Human Rights Committee Statement on derogations from the Covenant in connection with the COVID-19 pandemic, advanced unedited version – CCPR/C/128/2, April 24, 2020
1. A number of States parties to the International Covenant on Civil and Political Rights have notified in recent weeks the Secretary General of the UN pursuant to article 4 of the Covenant about emergency measures they have taken or are planning to take with a view to curb the spread of the Coronavirus pandemic (COVID-19), in derogation from their Covenant obligations. It has been brought, however, to the attention of the Committee that several other States parties have resorted to emergency measures in response to COVID-19 in a manner seriously affecting the implementation of their obligations under the Covenant, without formally submitting a notification of derogation from the Covenant. The Committee calls on all State parties which have taken emergency measures in connection with the COVID-19 pandemic that derogate from Covenant obligations, to comply without delay with their duty to provide immediate notification to the Secretary General of the UN, if they have not done so yet.
2. The Committee is of the view that in the face of the COVID-19 pandemic, States parties must take effective measures to protect the right to life and health of all individuals within their territory and all those subject to their jurisdiction, and it recognizes that such measures may result in certain circumstances in restrictions on the enjoyment of individual rights guaranteed by the Covenant. Furthermore, the Committee acknowledges that States parties confronting the threat of widespread contagion may resort, on a temporary basis, to exceptional emergency powers and invoke their right of derogation from the Covenant under article 4, provided this is required to protect the life of the nation. Still, the Committee wishes to remind States parties of the requirements and conditions laid down in article 4 of the Covenant and explained in the Committee’s General Comments, most notably in General Comment 29 on States of Emergency (2001), which provides guidance on the following aspects of derogations: (1) official proclamation of a state of emergency; (2) formal notification to the Secretary General of the UN; (3) strict necessity and proportionality of any derogating measure taken; (4) conformity of measures taken with other international obligations; (5) non-discrimination; and (6) the prohibition on derogating from certain non-derogable rights. In particular, States parties must observe the following requirements and conditions when exercising emergency powers in connection with the COVID-19 pandemic:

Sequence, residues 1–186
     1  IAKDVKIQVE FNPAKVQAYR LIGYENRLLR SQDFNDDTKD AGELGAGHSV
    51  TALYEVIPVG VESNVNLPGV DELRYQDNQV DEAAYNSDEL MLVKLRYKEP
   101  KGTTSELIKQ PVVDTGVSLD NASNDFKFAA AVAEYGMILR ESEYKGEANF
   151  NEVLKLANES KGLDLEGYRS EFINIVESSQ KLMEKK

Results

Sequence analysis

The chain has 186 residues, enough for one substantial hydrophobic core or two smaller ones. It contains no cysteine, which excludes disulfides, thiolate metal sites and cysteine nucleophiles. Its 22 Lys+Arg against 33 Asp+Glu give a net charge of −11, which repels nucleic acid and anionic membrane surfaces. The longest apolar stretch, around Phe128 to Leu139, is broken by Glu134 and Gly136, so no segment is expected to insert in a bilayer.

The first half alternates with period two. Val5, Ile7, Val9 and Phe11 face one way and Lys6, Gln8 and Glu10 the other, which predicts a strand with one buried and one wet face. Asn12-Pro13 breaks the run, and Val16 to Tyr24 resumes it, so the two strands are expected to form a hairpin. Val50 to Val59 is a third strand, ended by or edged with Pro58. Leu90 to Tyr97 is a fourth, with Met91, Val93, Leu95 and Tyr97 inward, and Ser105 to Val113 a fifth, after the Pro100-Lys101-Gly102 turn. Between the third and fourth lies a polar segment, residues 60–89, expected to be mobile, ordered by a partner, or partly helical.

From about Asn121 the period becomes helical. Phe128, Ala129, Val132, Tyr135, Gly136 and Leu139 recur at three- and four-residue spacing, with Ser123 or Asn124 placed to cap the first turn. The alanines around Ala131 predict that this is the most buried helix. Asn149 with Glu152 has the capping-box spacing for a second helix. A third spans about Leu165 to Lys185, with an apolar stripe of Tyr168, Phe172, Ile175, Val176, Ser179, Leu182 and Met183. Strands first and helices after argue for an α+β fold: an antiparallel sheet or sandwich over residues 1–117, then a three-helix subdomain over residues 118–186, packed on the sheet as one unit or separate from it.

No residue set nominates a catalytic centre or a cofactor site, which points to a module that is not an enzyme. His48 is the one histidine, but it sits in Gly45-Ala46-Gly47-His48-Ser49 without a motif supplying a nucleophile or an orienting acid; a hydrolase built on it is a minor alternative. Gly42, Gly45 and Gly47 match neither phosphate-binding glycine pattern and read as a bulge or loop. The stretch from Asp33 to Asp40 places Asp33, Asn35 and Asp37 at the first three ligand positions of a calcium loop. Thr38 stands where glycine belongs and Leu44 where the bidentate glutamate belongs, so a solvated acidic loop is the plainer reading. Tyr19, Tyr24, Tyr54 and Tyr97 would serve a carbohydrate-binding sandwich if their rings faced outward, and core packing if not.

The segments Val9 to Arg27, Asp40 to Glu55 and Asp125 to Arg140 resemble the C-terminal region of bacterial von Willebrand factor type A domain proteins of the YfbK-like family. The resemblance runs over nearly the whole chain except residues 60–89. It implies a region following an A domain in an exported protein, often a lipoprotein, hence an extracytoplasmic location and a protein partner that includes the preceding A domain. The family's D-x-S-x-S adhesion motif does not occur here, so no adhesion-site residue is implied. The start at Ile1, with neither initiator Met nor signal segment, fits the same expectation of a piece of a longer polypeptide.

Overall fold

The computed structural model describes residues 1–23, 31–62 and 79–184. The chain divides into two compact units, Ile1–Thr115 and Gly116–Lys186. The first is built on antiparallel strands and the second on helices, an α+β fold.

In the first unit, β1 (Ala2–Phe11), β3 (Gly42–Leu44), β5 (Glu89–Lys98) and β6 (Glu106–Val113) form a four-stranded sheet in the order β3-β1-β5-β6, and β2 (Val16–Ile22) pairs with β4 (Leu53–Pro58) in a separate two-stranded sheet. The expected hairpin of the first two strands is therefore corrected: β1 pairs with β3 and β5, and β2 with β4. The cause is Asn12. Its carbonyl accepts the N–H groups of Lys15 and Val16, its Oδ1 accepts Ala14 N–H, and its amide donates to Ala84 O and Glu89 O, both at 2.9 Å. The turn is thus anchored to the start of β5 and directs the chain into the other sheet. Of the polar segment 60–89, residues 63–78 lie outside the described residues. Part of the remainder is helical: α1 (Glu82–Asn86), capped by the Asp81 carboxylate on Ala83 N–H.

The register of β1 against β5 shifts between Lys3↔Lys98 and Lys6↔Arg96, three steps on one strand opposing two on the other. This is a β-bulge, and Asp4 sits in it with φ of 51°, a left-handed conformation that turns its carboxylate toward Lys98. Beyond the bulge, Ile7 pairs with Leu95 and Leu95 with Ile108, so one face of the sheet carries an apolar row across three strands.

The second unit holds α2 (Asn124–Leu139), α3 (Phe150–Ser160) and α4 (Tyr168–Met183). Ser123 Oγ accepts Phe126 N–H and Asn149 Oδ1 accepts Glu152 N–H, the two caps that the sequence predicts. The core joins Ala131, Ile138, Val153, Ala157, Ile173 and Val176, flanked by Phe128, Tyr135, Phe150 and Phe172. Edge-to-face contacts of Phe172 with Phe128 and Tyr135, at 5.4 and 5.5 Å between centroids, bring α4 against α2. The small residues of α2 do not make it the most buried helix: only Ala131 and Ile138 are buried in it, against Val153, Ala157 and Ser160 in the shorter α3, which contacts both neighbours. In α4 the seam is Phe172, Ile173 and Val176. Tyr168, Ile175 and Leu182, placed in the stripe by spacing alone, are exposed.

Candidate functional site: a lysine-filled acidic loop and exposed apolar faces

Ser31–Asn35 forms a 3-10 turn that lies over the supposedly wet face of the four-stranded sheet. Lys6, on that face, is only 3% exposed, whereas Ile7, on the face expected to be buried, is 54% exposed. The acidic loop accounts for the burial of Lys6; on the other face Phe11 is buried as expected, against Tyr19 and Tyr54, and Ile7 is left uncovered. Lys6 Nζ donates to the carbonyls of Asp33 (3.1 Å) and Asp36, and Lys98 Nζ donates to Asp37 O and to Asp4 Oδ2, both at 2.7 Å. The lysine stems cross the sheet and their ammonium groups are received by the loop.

(a) Where measures derogating from the obligations of States parties under the Covenant are taken, the provisions derogated from and the reasons for the derogation must be communicated immediately to the other States parties through the Secretary-General of the UN. Notifications by States parties need to include full information about the derogating measures taken and a clear explanation of the reasons for taking them, with complete documentation of any laws adopted. Additional notifications are required if the State party subsequently takes further measures under article 4, for instance by extending the duration of a state of emergency. The requirement of immediate notification applies equally to the termination of the derogation. The Committee considers the implementation of the obligation of immediate notification essential for the discharge of its functions, as well for the monitoring of the situation by other States parties and other stakeholders.